Master the use of normative leverage. Normative leverage is the skillful use of common standards, social norms, and shared interests to create an argument to gain an advantage or protect a position an organization has taken.
When using normative leverage, contract professionals frame an organization’s needs as shared principles and norms that both companies strive to live by. For example, corporate policies about social responsibility, non-discrimination policies or sustainable sourcing are shared principles and norms for many companies. Framing needs in this way ties back to the conversation about negotiating the relationship before negotiating the transaction.
When negotiators understand some shared interest, they can leverage a shared interest into performance. For example, a shared interest could be sharing accurate data pertaining to both the customer’s performance and the supplier’s performance for a rolling period of many months. Sharing accurate performance data is a two-way street in performance- and outcome-based relationships, as both parties must perform to meet the customer’s business objectives.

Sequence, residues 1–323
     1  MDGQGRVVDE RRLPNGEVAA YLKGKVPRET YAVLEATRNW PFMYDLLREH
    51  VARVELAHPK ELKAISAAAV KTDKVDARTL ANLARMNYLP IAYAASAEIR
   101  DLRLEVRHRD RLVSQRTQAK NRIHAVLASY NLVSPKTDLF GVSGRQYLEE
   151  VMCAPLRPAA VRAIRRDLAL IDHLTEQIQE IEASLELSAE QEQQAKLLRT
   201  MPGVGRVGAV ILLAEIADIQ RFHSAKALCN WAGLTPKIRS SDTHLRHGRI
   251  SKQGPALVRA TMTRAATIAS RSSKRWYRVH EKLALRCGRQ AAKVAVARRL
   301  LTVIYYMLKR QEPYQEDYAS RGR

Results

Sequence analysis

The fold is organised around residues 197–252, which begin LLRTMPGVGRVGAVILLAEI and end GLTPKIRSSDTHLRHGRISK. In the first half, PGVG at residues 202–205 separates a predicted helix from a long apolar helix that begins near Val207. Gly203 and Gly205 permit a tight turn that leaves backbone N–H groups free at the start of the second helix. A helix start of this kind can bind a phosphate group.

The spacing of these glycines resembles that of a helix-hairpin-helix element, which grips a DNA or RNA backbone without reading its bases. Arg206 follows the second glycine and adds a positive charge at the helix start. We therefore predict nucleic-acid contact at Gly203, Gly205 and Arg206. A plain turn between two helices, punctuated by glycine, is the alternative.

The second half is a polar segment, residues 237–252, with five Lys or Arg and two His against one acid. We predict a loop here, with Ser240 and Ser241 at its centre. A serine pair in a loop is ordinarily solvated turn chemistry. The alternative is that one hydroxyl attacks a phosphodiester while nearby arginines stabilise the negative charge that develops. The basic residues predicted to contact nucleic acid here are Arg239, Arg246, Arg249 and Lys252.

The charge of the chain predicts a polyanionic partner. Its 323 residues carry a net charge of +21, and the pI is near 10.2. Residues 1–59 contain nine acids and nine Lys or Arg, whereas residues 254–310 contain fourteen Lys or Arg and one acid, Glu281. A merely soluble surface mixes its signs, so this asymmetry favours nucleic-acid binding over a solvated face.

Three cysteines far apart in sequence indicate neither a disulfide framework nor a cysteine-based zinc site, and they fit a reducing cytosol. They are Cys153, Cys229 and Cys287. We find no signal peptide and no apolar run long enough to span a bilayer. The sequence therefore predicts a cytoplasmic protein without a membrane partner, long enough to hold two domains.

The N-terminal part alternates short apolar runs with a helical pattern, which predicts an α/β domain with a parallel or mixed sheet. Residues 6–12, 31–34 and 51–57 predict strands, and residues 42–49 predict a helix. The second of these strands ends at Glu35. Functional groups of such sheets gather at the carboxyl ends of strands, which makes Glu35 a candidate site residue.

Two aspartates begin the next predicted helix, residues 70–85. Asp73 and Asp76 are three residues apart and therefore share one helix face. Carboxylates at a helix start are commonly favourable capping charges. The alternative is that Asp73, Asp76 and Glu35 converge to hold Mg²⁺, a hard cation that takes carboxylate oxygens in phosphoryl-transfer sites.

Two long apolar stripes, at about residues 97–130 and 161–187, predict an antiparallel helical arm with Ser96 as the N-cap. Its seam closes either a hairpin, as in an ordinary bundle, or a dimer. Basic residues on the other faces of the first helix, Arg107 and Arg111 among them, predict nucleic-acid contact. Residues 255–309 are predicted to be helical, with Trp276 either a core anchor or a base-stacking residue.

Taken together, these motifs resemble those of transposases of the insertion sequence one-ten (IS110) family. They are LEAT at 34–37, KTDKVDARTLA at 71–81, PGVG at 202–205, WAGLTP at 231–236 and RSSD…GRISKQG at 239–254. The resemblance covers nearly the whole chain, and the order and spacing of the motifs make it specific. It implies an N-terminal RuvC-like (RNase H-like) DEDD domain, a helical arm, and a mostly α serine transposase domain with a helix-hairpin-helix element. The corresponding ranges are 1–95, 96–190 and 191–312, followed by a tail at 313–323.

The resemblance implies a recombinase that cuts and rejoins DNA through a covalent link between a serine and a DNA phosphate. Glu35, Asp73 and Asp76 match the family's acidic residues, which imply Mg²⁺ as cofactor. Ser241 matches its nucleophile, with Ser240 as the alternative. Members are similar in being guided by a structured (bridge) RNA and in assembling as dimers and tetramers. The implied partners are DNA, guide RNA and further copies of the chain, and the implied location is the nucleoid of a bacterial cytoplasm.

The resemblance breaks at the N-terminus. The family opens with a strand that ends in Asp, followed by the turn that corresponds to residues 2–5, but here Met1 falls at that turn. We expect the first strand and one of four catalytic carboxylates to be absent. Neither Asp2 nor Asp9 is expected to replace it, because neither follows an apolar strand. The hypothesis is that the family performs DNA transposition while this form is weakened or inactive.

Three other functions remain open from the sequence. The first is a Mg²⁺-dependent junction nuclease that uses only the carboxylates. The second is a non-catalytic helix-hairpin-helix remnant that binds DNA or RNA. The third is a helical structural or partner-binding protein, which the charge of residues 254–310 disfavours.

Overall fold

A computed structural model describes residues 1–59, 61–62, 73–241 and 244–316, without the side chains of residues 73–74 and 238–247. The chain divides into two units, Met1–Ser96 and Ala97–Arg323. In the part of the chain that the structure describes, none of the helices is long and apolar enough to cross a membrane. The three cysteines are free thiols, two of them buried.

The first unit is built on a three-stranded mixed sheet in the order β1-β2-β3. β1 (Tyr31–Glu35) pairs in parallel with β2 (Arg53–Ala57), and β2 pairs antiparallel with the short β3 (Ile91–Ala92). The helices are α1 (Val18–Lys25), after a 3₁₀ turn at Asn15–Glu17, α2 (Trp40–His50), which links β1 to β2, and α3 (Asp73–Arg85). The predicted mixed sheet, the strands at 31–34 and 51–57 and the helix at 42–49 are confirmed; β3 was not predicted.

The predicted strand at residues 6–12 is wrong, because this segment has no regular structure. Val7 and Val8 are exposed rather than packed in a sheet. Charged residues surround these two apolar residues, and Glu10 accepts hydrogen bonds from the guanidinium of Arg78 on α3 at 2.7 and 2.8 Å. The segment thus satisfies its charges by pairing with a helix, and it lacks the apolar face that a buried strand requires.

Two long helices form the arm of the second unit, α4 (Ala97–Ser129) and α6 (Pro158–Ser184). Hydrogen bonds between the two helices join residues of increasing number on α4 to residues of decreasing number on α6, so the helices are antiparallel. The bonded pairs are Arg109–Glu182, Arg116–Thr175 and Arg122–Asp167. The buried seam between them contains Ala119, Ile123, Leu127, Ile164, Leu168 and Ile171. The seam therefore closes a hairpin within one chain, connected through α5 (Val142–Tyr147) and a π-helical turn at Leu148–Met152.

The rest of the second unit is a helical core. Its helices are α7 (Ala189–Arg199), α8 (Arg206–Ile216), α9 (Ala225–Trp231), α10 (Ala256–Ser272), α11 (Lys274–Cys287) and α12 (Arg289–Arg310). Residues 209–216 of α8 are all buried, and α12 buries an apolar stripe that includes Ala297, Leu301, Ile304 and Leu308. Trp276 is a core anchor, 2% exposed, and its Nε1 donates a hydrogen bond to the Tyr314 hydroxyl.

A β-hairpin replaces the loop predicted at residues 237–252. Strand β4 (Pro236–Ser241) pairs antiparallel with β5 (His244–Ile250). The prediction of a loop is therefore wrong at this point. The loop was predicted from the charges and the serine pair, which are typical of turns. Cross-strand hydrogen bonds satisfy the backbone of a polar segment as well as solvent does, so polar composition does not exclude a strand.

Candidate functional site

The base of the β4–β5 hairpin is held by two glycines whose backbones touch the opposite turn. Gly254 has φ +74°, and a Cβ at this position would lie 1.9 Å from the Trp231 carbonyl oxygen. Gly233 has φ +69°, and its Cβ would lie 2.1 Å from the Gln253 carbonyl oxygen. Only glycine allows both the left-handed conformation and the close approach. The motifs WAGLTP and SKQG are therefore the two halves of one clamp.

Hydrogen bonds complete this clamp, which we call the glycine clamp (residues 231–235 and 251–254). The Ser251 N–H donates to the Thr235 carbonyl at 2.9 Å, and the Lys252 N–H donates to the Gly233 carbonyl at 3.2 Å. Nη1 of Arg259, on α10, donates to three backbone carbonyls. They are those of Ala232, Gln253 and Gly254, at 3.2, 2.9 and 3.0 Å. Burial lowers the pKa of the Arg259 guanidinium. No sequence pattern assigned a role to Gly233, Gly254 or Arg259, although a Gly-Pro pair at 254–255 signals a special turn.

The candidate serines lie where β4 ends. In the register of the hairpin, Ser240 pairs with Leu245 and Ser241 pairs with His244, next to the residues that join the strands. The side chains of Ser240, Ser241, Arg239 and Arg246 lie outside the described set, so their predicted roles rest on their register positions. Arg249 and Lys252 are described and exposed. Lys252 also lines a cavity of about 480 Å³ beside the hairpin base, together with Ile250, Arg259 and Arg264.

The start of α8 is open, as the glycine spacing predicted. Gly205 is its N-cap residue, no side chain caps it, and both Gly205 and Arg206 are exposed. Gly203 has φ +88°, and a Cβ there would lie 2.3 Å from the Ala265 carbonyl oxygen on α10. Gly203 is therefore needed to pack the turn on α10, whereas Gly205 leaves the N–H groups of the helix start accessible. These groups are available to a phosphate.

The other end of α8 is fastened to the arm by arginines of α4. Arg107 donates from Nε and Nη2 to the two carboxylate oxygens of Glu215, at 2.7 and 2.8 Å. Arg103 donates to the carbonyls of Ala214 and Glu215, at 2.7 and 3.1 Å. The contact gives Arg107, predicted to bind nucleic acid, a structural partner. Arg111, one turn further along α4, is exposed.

Two-sided performance data (customer and supplier) when added to a TCO or TLC would give a contract professional leverage to craft a more holistic and systematic contract that supports both parties’ needs. This is a much more sophisticated and powerful form of leverage.